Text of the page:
PewDiePie Is Canceled
PewDiePie and PC culture (and we don’t mean gaming) have never mixed, but this year, the most famous YouTuber in the world crossed an already thin line. After using anti-Semitic language and Nazi propaganda in his videos, he lost his fancy deal with Disney’s Maker Studios for good. YouTube also canceled PewDiePie’s show and denied him access to top advertisers after his lackluster apologies. Then he seemingly decided, why not burn it all to the ground? Later in the year, he said the N-word (hard r, and all) during a gaming livestream, then poorly apologized for the slur. History suggests it’s only a matter of time before he tops that scandal.
Jake Paul Became Public Enemy No. 1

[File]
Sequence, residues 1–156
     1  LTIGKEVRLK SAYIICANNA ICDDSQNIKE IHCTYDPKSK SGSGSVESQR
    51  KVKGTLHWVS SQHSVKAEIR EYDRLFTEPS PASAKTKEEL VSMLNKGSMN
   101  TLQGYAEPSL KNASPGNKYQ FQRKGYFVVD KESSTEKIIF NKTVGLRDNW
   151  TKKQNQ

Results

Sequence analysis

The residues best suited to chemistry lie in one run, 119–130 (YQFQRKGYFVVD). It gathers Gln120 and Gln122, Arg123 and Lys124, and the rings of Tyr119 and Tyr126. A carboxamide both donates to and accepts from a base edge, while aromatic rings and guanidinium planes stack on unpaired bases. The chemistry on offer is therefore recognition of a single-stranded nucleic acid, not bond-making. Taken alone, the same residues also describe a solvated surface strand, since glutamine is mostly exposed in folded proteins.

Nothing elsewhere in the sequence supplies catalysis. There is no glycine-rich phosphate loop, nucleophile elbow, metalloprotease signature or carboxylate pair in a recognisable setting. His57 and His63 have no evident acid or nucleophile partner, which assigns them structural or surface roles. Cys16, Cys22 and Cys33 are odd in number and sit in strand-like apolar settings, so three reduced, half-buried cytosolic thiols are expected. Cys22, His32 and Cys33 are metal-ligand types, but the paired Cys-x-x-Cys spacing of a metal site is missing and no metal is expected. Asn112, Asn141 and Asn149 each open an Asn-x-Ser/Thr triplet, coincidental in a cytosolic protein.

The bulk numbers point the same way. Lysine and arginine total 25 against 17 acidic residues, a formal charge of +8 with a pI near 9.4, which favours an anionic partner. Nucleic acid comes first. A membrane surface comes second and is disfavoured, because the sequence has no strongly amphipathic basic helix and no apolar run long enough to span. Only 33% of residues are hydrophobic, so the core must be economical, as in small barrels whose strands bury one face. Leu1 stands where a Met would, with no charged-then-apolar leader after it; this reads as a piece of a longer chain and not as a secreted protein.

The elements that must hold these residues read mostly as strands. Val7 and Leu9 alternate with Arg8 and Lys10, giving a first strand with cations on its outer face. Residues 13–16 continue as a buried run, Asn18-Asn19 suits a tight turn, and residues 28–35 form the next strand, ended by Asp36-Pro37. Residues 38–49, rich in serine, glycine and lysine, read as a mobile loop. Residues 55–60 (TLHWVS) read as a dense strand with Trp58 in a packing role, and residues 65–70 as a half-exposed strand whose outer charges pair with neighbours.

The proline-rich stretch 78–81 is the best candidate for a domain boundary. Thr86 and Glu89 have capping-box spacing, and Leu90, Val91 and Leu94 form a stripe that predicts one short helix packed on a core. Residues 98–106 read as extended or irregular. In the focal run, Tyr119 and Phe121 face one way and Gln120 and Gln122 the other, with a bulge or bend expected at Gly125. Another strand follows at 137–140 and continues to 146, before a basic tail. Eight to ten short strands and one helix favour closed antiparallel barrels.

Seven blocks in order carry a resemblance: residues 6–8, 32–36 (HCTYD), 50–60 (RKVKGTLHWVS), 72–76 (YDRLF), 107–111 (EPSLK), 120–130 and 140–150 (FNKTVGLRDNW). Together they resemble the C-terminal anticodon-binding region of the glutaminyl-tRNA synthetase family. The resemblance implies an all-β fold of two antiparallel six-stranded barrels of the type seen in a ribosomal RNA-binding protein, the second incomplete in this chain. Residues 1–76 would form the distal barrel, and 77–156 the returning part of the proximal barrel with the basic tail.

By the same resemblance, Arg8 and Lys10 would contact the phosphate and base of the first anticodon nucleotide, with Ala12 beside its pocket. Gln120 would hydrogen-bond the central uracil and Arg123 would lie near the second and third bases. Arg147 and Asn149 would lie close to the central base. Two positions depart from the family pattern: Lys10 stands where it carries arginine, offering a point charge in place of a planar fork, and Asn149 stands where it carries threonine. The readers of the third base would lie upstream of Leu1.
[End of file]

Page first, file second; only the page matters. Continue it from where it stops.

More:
There has never been a more divisive YouTuber in the medium’s short history than the 20-year-old one-man wrecking crew that is Jake Paul. Everything the multi-millionaire prankster/rapper/bro touches turns to gold and then immediately plummets in value. YouTube could’ve dedicated an entire Rewind just to Paul, his year was so busy. To recap: Paul terrorized a neighborhood, got fired from his Disney show for said behavior, had extremely convoluted ex-girlfriend drama, maybe violated copyright laws, caused a schism within his own YouTube branding empire, and incited mass hysteria in New York with his mere presence. But, on the bright side, he also tried to stop a hurricane … after it already hit. Balance!